The wealth of competing parcellations with limited cross-correspondence between atlases of the human thalamus raises problems in a time when the usefulness of neuroanatomical methods is increasingly appreciated for modern computational analyses of the brain. An unequivocal nomenclature is, however, compulsory for the understanding of the organization of the thalamus. This situation cannot be improved by renewed discussion but with implementation of neuroinformatics tools. We adopted a new volumetric approach to characterize the significant subdivisions and determined the relationships between the parcellation schemes of nine most influential atlases of the human thalamus...
2018: Frontiers in Neuroanatomy
Krishnan Padmanabhan, Fumitaka Osakada, Anna Tarabrina, Erin Kizer, Edward M Callaway, Fred H Gage, Terrence J Sejnowski
Neuronal activity in sensory regions can be modulated by attention, behavioral state, motor output, learning, and memory. This is often done through direct feedback or centrifugal projections originating from higher processing areas. Though, functionally important, the identity and organization of these feedback connections remain poorly characterized. Using a retrograde monosynaptic g-deleted rabies virus and whole-brain reconstructions, we identified the organization of feedback projecting neurons to the main olfactory bulb of the mouse...
2018: Frontiers in Neuroanatomy
Natalia López-González Del Rey, Ana Quiroga-Varela, Elisa Garbayo, Iria Carballo-Carbajal, Rubén Fernández-Santiago, Mariana H G Monje, Inés Trigo-Damas, María J Blanco-Prieto, Javier Blesa
When James Parkinson described the classical symptoms of the disease he could hardly foresee the evolution of our understanding over the next two hundred years. Nowadays, Parkinson's disease is considered a complex multifactorial disease in which genetic factors, either causative or susceptibility variants, unknown environmental cues, and the potential interaction of both could ultimately trigger the pathology. Noteworthy advances have been made in different fields from the clinical phenotype to the decoding of some potential neuropathological features, among which are the fields of genetics, drug discovery or biomaterials for drug delivery, which, though recent in origin, have evolved swiftly to become the basis of research into the disease today...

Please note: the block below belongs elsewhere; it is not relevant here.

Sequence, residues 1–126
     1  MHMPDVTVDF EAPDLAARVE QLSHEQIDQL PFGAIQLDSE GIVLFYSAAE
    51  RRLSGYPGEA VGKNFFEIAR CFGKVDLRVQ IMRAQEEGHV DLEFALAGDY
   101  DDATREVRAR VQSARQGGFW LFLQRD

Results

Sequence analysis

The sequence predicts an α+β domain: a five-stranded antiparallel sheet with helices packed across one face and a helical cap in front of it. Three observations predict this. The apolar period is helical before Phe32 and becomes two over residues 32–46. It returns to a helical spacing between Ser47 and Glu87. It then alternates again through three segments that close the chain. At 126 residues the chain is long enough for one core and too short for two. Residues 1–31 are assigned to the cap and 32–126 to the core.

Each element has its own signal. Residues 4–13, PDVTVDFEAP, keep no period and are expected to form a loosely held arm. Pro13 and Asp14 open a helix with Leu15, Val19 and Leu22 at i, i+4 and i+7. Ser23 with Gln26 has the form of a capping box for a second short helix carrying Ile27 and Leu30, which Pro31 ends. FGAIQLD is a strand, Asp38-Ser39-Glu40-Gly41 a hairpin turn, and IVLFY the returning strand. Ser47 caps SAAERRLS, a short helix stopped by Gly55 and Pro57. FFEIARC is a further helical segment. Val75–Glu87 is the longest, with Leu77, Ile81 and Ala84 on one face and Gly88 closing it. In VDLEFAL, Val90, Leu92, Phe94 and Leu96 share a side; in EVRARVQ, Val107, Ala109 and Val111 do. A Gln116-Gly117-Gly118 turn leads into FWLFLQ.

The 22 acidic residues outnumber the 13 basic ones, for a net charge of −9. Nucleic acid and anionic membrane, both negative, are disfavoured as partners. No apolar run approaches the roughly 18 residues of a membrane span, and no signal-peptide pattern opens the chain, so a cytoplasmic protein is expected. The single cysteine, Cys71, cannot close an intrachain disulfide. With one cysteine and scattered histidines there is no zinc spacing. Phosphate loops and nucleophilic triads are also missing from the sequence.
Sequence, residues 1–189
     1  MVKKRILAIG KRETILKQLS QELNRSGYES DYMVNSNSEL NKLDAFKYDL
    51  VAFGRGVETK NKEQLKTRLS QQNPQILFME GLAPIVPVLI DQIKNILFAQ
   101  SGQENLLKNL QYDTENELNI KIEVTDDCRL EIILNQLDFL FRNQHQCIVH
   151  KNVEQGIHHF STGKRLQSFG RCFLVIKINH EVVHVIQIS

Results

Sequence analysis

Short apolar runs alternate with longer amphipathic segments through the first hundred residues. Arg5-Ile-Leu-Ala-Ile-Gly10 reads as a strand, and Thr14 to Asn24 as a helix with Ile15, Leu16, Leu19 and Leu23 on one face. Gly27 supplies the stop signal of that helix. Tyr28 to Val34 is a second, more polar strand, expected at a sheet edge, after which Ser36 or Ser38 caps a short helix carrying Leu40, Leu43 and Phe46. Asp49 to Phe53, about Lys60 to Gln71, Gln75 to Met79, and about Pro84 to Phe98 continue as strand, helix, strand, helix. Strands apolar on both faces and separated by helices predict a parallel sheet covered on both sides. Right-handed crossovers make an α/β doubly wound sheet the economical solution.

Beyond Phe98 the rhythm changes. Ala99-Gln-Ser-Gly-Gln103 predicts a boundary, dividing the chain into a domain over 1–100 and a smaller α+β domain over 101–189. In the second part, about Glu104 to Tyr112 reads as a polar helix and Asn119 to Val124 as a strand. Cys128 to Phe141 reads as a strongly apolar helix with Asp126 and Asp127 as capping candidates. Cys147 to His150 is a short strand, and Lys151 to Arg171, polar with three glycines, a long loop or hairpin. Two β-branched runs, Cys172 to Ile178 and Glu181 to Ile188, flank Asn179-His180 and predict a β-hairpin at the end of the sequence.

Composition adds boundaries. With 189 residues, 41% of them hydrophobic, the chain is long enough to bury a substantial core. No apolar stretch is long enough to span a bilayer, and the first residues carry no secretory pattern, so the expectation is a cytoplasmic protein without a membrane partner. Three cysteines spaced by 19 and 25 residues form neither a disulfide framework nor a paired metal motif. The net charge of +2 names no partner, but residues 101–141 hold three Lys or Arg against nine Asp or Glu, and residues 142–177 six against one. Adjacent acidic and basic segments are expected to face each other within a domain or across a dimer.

2018: Frontiers in Neuroanatomy
Anna Lena Eberle, Dirk Zeidler
Major progress has been achieved in recent years in three-dimensional microscopy techniques. This applies to the life sciences in general, but specifically the neuroscientific field has been a main driver for developments regarding volume imaging. In particular, scanning electron microscopy offers new insights into the organization of cells and tissues by volume imaging methods, such as serial section array tomography, serial block-face imaging or focused ion beam tomography. However, most of these techniques are restricted to relatively small tissue volumes due to the limited acquisition throughput of most standard imaging techniques...
2018: Frontiers in Neuroanatomy
Qingyu Zhao, Michael Fritz, Adolf Pfefferbaum, Edith V Sullivan, Kilian M Pohl, Natalie M Zahr
Individuals aged 12-20 years drink 11% of all alcohol consumed in the United States with more than 90% consumed in the form of binge drinking. Early onset alcohol use is a strong predictor of future alcohol dependence. The study of the effects of excessive alcohol use on the human brain is hampered by limited information regarding the quantity and frequency of exposure to alcohol. Animal models can control for age at alcohol exposure onset and enable isolation of neural substrates of exposure to different patterns and quantities of ethanol (EtOH)...
2018: Frontiers in Neuroanatomy
Jose Juan Aliaga Maraver, Susana Mata, Ruth Benavides-Piccione, Javier DeFelipe, Luis Pastor
The field of neuroanatomy has progressed considerably in recent decades, thanks to the emergence of novel methods which provide new insights into the organization of the nervous system. These new methods have produced a wealth of data that needs to be analyzed, shifting the bottleneck from the acquisition to the analysis of data. In other disciplines, such as in many engineering areas, scientists and engineers are dealing with increasingly complex systems, using hierarchical decompositions, graphical models and simplified schematic diagrams for analysis and design processes...
2018: Frontiers in Neuroanatomy
Robert Baud, Pierre Sprumont, Hans J Ten Donkelaar